He was always positive, powerful, outgoing, and totally aware everything around him - even though he could be totally focused on you and what you were saying.  By the time I met Marion in 1985, he had been mayor for six years and already begun to have a major impact on the neglected neighborhoods in DC - building business centers, expanding educational programs.  It was Marion who made it possible for Black merchants to be a part of the lucrative Congressional Black Caucus's yearly event that spread millions every year during their week-long Annual Legislative Caucus Weekend.  According to Marion it made no sense for thousands of Black businesses and elected officials to come to DC, spend millions of dollars, and the Black community not benefit from it.

It was because of Marion that the Caucus held at least one breakfast reception  and a forum at Howard University - something, by the way,  that has not been done by any of the mayors elected since his terms in office.   Marion's vision for DC was one where Black business would thrive and grow - and he had begun making inroads into various communities that were strongholds of poverty - constructing business centers and venues that would either hire or be headed by local Black residents.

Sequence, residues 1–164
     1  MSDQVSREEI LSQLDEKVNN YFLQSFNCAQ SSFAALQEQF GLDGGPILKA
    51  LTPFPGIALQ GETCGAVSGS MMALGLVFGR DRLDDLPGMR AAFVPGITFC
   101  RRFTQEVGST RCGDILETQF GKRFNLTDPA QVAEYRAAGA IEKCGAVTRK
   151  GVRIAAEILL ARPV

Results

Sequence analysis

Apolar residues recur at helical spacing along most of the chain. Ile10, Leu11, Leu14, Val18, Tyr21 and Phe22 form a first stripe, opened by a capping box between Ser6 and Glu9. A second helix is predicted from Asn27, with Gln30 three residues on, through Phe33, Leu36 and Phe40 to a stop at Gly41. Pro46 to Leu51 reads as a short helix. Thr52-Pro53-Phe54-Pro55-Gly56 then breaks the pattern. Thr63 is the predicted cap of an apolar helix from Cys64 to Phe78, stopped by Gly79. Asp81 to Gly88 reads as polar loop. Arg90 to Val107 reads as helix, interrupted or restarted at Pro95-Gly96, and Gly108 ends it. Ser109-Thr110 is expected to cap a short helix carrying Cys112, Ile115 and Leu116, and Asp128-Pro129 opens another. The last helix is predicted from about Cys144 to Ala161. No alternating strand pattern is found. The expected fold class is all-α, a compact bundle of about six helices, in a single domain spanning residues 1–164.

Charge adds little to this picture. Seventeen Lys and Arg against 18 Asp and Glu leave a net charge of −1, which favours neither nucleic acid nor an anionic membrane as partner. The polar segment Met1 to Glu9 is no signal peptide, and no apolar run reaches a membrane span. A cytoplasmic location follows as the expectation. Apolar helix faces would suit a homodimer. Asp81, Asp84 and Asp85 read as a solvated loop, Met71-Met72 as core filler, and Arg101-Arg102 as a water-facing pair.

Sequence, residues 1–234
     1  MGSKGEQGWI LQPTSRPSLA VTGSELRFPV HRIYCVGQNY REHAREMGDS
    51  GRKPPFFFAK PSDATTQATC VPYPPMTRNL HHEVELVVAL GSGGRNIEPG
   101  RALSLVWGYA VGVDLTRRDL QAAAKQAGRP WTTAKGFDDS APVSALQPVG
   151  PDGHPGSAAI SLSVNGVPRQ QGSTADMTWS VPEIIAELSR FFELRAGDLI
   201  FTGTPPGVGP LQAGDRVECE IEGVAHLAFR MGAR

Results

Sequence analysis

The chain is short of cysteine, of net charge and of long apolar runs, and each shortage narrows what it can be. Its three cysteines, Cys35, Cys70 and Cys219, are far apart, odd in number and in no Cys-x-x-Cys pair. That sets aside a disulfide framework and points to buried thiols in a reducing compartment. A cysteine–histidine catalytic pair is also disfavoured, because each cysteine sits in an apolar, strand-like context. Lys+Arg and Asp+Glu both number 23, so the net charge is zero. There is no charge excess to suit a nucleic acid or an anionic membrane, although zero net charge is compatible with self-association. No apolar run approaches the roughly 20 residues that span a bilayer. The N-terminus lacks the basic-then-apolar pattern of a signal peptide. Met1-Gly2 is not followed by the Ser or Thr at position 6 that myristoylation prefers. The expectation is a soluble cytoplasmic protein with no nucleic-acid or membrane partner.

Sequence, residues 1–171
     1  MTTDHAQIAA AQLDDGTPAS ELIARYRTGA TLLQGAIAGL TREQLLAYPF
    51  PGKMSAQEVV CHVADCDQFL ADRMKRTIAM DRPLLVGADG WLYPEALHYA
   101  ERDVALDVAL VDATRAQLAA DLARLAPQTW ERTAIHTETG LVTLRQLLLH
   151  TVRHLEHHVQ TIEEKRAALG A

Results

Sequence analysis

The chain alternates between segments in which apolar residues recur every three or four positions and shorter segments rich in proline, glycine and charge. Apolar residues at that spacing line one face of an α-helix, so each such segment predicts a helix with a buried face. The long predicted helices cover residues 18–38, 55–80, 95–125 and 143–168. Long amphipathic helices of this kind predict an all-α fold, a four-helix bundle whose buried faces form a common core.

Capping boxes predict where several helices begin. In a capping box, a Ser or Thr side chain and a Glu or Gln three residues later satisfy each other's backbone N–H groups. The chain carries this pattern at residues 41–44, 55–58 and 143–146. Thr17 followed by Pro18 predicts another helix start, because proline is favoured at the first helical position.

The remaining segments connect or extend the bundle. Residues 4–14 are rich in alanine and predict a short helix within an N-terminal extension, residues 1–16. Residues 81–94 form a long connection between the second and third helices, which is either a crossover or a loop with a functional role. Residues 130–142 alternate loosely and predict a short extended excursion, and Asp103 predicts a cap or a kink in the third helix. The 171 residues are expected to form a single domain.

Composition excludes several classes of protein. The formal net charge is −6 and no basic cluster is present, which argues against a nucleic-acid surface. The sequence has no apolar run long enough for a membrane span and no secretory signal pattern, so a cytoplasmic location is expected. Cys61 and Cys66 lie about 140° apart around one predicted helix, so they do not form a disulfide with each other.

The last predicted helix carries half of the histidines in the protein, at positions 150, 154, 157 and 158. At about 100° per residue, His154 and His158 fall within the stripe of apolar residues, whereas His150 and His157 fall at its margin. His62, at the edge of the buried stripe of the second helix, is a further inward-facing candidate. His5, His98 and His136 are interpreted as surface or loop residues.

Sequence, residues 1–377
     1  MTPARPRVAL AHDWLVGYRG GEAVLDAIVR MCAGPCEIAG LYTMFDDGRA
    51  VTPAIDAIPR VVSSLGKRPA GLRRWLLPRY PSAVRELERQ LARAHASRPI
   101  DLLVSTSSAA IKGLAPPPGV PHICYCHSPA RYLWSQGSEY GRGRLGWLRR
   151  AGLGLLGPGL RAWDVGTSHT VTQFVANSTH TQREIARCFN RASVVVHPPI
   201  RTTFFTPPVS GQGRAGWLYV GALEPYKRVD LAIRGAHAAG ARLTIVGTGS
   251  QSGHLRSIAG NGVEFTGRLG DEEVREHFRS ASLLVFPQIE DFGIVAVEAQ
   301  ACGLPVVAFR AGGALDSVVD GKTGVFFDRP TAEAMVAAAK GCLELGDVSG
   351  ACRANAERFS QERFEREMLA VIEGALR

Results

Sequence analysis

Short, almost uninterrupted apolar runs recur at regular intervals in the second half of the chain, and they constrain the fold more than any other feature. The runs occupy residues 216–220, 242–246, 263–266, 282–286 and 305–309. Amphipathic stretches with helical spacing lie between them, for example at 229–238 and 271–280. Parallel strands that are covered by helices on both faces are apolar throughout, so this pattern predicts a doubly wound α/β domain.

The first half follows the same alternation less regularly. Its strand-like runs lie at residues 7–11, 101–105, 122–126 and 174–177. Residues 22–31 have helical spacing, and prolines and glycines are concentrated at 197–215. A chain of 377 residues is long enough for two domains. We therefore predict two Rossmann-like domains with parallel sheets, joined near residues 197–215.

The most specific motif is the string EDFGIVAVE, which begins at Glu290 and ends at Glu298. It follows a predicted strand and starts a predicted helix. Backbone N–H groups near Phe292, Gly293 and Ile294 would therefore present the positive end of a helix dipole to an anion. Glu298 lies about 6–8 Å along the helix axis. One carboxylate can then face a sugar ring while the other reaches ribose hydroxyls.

This didn't set too well with some of the political figures - and they targeted Effi on many occasions as a way to slow Marion down.  Not having any training in the realm of political sharkdom, Effi was often put through the ringer for the smallest of issues.  She didn't have the thick skin Marion had, and it sometime frazzled her.  {It was ironic in a way - when Effi returned to Hampton to teach, it was my son, Rais Wilson's freshman year.  He had her as his teacher.  He had heard so much about Effi and Marion, that made sure she knew he was my son - of course she regaled him with all my misadventures at Hampton.}